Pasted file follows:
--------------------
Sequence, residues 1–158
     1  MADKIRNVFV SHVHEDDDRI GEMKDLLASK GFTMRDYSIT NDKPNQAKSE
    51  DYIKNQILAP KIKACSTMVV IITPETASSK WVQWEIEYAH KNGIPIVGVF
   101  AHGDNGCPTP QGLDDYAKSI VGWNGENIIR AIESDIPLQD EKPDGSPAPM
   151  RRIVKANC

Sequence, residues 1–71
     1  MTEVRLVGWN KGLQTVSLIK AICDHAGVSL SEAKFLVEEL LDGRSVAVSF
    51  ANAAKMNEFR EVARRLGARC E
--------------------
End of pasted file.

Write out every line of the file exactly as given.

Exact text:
Sequence, residues 1–158
     1  MADKIRNVFV SHVHEDDDRI GEMKDLLASK GFTMRDYSIT NDKPNQAKSE
    51  DYIKNQILAP KIKACSTMVV IITPETASSK WVQWEIEYAH KNGIPIVGVF
   101  AHGDNGCPTP QGLDDYAKSI VGWNGENIIR AIESDIPLQD EKPDGSPAPM
   151  RRIVKANC

Sequence, residues 1–71
     1  MTEVRLVGWN KGLQTVSLIK AICDHAGVSL SEAKFLVEEL LDGRSVAVSF
    51  ANAAKMNEFR EVARRLGARC E